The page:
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During a measurement ride with my son today I got a flat rear tire at just before the 4-mile mark of our 8+ mile measurement. We were scheduled to go through the Detroit/Windsor Tunnel at a scheduled time when they planned to shut the whole thing down for us. Since we didn't want to miss that time I decided to continue the measurement with the totally flat rear tire. I was a little concerned about how it might affect the measurement, but decided to chance it.

After the measurement we looked at the numbers. For the first 4 miles with my intact rear tire, our measurements differed by 1.8 meters. For the next 4 miles with my rear tire flat, our measurements differed by 2.0 meters. Both times my son was shorter.

Before this unplanned experiment I would have thought that a flat rear tire might change the way you ride enough to affect measurement numbers. But at least in this case any such effect was trivial.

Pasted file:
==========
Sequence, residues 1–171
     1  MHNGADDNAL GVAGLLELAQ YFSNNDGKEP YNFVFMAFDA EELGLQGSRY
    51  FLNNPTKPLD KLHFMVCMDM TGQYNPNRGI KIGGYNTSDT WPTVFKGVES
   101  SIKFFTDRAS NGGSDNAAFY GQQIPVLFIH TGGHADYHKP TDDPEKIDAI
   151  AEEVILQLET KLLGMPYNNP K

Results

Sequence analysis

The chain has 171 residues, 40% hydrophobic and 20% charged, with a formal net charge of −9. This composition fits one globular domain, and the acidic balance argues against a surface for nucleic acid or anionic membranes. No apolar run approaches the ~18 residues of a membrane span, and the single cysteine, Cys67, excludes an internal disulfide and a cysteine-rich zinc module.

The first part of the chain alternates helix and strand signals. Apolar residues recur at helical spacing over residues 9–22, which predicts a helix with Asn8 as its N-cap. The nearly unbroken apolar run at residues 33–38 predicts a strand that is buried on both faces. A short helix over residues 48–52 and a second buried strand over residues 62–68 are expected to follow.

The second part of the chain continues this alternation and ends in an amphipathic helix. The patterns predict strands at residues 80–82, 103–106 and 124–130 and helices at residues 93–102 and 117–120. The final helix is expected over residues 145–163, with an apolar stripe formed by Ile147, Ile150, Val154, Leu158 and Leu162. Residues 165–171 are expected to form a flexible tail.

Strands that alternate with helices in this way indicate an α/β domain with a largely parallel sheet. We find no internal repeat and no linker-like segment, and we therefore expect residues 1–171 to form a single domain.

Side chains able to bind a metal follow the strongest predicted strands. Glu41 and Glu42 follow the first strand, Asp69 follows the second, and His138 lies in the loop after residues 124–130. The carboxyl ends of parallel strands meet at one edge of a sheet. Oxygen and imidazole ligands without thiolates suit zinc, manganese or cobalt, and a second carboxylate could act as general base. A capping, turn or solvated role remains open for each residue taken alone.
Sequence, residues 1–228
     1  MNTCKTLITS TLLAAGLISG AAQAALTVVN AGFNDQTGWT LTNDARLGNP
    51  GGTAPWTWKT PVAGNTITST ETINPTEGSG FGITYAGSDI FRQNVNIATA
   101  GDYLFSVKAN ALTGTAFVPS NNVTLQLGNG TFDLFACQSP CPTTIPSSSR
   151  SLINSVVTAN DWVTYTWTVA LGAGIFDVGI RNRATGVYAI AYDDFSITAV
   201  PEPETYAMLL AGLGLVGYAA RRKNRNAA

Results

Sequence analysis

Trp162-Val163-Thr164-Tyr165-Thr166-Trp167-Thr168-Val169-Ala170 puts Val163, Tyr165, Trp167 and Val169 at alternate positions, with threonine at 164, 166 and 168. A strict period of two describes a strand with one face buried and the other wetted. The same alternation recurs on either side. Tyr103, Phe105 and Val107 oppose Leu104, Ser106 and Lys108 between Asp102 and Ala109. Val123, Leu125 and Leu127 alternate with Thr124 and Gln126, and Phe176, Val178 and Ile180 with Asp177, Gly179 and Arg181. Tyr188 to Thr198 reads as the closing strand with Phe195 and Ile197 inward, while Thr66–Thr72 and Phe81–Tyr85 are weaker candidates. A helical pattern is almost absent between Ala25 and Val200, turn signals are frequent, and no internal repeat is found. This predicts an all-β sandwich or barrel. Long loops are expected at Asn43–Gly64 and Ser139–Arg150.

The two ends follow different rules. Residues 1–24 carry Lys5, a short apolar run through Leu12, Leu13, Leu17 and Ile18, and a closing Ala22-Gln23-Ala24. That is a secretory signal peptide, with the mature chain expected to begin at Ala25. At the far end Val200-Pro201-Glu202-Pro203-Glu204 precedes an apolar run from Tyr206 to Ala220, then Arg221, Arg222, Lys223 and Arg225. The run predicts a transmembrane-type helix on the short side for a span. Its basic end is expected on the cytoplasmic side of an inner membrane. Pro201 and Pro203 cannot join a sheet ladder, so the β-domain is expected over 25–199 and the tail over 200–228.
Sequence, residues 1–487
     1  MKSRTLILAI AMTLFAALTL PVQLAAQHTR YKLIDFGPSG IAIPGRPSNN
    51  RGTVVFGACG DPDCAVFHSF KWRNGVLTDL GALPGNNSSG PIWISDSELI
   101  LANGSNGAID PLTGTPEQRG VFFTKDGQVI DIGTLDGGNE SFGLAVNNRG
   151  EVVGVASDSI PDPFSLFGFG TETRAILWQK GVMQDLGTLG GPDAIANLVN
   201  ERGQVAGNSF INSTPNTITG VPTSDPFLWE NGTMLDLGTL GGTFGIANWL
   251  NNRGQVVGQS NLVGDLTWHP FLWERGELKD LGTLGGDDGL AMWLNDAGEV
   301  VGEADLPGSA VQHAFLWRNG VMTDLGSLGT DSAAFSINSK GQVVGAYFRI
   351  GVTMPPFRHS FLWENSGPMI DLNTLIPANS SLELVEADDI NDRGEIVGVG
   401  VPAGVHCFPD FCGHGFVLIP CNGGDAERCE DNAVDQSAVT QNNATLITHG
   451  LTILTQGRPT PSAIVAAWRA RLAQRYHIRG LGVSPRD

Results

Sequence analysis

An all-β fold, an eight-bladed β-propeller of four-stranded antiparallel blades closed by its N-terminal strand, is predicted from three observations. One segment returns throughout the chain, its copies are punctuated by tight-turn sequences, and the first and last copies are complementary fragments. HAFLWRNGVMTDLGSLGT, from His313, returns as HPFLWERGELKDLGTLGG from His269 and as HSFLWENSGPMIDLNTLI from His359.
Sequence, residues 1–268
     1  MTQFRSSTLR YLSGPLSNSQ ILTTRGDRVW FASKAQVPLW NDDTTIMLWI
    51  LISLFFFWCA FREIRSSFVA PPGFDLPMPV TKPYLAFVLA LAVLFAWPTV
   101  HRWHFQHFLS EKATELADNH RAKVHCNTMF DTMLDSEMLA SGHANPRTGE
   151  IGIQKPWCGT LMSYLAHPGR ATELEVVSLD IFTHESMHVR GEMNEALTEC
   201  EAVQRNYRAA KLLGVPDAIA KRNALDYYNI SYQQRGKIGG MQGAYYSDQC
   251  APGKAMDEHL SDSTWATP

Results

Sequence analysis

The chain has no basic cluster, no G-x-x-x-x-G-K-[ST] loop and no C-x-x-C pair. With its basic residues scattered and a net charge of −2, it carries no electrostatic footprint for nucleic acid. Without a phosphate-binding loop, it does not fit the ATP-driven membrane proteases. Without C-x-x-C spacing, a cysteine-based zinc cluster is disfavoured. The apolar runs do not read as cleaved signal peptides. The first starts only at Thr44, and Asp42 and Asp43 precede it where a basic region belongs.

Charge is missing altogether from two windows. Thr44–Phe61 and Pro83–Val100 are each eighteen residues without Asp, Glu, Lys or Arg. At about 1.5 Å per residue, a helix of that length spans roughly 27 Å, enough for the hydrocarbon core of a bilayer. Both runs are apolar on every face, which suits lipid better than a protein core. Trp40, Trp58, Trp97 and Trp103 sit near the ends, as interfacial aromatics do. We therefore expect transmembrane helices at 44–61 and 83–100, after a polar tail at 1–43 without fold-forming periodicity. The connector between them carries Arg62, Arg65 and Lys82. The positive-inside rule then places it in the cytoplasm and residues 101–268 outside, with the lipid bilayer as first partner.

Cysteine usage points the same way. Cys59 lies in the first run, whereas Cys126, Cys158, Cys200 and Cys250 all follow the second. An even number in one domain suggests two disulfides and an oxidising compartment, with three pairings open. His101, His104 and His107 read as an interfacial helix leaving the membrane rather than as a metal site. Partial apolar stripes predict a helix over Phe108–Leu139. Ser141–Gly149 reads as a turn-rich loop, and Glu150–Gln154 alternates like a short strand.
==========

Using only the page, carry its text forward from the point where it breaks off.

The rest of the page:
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I got a flat rear tire on a group measurement of the Olympic Trials course in Columbus. I had to be careful riding on a flat but Pete Riegel who crunched the data for the group informed me that that for that segment of the race, my ride was the shortest.

Apparently you would never choose to ride on a flat, but it doesn't seem to effect the quality of the measurement.

Had a rear flat in 2017 after some early morning measuring. Had calibrated at 22,927 cts/ mile. Rushed home,  pumped it up, tried it on street.  It was a moderately fast leak.  Went to cal course, repumped rear and rode.  It was 2/3 flat when I finished but the recal of 22,899 was quite reasonable considering temps and a 120 lb pneumatic front.  

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